Violin girl decided the time had come to take hold of the wheel. Steering wheel, that is.
Hubby thought it a splendid idea. Kaukab’s daughter thought not.
I understand the whole “coming-of-age” thing. The importance of launching her toward independence. On the other hand, violin girl isn’t exactly known for keeping her concentration front-and-center in circumstances which ask for such skill. She’s the kind of free-thinker who can get lost in thought. A nice feature for, say, creating art, but not too terribly helpful when some crazy driver suddenly appears in your lane when you didn’t invite him.
I remember when I wanted to get my driver’s license. I was seventeen and headstrong. I had managed to convince Kaukab that I was more than ready to get one. She had me sign up for a lesson from a driver’s ed. firm, so that I could use their car to take the driver’s test, since we had only one car (back in the day when most families had just one car *gasp*) and my father needed it to work.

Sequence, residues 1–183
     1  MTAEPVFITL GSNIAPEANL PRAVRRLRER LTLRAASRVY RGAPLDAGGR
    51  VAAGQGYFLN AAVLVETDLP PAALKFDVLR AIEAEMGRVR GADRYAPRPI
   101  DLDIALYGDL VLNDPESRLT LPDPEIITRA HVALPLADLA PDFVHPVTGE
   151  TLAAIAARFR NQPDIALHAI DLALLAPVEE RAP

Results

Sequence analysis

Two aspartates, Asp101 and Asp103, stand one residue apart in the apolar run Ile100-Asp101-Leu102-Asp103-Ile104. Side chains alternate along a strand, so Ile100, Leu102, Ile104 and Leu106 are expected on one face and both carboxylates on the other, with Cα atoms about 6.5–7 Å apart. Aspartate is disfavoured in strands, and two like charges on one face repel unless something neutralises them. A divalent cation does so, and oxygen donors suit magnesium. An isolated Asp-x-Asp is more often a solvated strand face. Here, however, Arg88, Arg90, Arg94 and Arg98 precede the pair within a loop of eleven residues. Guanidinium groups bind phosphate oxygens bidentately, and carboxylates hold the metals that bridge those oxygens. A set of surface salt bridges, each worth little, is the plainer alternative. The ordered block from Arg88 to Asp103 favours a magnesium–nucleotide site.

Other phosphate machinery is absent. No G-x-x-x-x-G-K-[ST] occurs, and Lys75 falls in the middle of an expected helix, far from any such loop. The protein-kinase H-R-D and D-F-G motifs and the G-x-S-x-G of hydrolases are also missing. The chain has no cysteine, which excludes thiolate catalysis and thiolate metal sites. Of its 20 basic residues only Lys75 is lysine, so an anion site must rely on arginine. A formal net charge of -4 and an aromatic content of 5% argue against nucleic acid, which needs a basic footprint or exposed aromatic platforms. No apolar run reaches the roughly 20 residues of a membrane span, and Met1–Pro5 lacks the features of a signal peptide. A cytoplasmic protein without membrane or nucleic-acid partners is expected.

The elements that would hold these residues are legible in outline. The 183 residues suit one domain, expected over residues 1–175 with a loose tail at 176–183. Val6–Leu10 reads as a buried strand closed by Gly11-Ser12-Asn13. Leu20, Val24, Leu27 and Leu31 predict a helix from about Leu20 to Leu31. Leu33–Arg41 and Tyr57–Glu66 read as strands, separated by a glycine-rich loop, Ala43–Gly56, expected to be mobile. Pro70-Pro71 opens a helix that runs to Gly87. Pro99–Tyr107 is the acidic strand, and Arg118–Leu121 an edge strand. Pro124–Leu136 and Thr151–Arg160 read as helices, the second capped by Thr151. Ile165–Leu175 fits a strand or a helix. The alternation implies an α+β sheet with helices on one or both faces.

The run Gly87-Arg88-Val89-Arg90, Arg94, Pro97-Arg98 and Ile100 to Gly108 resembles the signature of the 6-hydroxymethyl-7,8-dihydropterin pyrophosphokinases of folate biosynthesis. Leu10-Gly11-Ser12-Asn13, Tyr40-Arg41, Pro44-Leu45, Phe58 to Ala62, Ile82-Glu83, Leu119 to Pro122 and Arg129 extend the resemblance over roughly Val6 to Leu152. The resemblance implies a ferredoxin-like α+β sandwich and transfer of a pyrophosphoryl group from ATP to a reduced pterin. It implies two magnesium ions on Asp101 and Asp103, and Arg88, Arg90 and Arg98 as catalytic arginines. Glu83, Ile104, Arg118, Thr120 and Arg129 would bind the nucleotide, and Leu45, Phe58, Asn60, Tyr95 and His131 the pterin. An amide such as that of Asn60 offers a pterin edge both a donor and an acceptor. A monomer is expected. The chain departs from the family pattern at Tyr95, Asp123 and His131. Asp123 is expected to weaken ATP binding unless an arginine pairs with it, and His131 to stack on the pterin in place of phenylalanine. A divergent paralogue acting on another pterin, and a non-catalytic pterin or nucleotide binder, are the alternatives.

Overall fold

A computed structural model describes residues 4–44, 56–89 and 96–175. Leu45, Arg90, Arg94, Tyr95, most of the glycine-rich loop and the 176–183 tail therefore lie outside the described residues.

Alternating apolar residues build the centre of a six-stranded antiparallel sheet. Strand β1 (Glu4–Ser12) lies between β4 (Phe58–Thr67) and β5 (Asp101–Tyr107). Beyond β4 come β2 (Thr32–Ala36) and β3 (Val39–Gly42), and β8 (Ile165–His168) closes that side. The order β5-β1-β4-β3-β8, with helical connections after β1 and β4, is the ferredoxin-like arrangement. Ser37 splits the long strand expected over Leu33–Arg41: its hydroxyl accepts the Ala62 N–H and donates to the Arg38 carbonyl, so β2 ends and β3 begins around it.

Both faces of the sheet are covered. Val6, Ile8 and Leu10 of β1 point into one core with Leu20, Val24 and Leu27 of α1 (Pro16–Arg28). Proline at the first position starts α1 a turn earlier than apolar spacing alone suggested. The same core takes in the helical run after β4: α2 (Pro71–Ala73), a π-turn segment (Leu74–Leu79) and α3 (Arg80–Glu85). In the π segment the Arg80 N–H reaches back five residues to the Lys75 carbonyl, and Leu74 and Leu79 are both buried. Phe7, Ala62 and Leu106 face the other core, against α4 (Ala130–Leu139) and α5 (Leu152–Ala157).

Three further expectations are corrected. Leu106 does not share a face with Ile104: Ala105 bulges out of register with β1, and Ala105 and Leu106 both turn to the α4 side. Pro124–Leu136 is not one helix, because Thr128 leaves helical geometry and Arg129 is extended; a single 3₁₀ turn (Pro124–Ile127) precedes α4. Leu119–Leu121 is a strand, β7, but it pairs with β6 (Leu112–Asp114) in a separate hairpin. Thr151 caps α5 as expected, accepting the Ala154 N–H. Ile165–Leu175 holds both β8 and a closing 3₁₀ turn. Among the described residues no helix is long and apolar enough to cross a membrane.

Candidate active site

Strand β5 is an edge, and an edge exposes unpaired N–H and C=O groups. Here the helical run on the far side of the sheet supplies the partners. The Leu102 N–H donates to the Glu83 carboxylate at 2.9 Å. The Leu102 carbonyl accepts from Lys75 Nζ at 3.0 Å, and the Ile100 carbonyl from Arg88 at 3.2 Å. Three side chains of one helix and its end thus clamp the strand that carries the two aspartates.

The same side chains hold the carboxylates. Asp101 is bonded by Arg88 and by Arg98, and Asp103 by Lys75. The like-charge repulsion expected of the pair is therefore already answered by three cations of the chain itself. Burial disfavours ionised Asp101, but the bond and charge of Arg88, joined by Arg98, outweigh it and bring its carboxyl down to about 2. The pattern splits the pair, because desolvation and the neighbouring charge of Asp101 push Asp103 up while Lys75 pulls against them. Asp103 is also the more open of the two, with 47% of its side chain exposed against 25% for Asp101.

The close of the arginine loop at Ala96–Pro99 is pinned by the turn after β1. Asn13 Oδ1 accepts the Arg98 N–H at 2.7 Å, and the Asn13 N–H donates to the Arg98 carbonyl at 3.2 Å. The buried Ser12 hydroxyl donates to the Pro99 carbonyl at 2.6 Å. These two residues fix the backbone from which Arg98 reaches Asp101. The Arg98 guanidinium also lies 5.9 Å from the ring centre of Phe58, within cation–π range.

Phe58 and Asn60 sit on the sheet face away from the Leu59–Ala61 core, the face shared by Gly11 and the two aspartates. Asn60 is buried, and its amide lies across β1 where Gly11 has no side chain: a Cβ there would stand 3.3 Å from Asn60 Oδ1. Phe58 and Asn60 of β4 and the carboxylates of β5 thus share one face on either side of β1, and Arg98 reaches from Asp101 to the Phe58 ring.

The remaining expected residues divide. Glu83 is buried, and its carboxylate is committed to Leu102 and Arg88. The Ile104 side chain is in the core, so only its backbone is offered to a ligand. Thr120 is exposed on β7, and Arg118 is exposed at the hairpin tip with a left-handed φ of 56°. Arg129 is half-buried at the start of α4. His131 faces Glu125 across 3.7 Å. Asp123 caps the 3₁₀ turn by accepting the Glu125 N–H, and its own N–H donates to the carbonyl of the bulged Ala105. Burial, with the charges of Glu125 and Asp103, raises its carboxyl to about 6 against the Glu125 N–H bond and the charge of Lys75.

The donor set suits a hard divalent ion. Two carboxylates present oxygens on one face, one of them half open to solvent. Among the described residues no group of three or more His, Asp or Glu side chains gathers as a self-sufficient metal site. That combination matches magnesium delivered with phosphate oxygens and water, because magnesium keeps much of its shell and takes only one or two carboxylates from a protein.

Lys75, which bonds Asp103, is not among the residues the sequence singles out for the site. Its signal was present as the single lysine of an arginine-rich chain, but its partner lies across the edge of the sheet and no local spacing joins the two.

All had gone well, except for the day when I had to take the driver’s test. I had done well enough with the road test, but the parallel parking was another matter. I had managed to manuever the car into the actual space, however, when I was asked to straighten up the vehicle, I had forgotten to relieve the gas pedal in a timely manner, thereby running over the rear cone. I had failed. Worse, I had the unfortunate job of relaying this information to Kaukab, who had believed that by simply paying for the driver ed service one could simply be granted a pass on their test and receive their license. Suffice to say, it didn’t go well.
After a two-week sabbatical, Kaukab convinced my Aunt Lilia to help me achieve the teenage American dream. Luckily, she drove a small car with easy steering capability. Plus, she didn’t charge for her service. All went well. Kaukab was happy. And, when Kaukab’s happy, everybody’s happy.
I’m not sure I’m going to say anything to Kaukab about violin girl’s first try at driving around parking lots, shifting in and out of gears with her father.
I don’t think she’s ready to hear that.